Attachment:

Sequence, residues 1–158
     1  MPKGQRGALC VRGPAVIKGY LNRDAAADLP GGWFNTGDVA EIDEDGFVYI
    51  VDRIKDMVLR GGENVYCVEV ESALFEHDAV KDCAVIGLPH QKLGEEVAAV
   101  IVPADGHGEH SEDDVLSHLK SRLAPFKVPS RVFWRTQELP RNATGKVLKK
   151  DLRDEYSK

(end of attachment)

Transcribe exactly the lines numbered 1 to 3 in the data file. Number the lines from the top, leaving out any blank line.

Sequence, residues 1–158
     1  MPKGQRGALC VRGPAVIKGY LNRDAAADLP GGWFNTGDVA EIDEDGFVYI
    51  VDRIKDMVLR GGENVYCVEV ESALFEHDAV KDCAVIGLPH QKLGEEVAAV